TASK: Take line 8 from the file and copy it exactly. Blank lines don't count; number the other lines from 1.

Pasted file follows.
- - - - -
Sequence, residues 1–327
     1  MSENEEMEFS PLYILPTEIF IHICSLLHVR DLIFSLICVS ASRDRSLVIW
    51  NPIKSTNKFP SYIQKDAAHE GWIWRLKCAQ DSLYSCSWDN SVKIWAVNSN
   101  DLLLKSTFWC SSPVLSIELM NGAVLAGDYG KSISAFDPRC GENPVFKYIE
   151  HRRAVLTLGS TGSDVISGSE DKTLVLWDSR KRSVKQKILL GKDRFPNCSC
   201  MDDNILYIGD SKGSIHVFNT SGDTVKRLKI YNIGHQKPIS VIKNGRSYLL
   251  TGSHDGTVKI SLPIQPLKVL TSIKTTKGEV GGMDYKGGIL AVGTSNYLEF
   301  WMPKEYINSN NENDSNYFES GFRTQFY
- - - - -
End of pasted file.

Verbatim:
   301  WMPKEYINSN NENDSNYFES GFRTQFY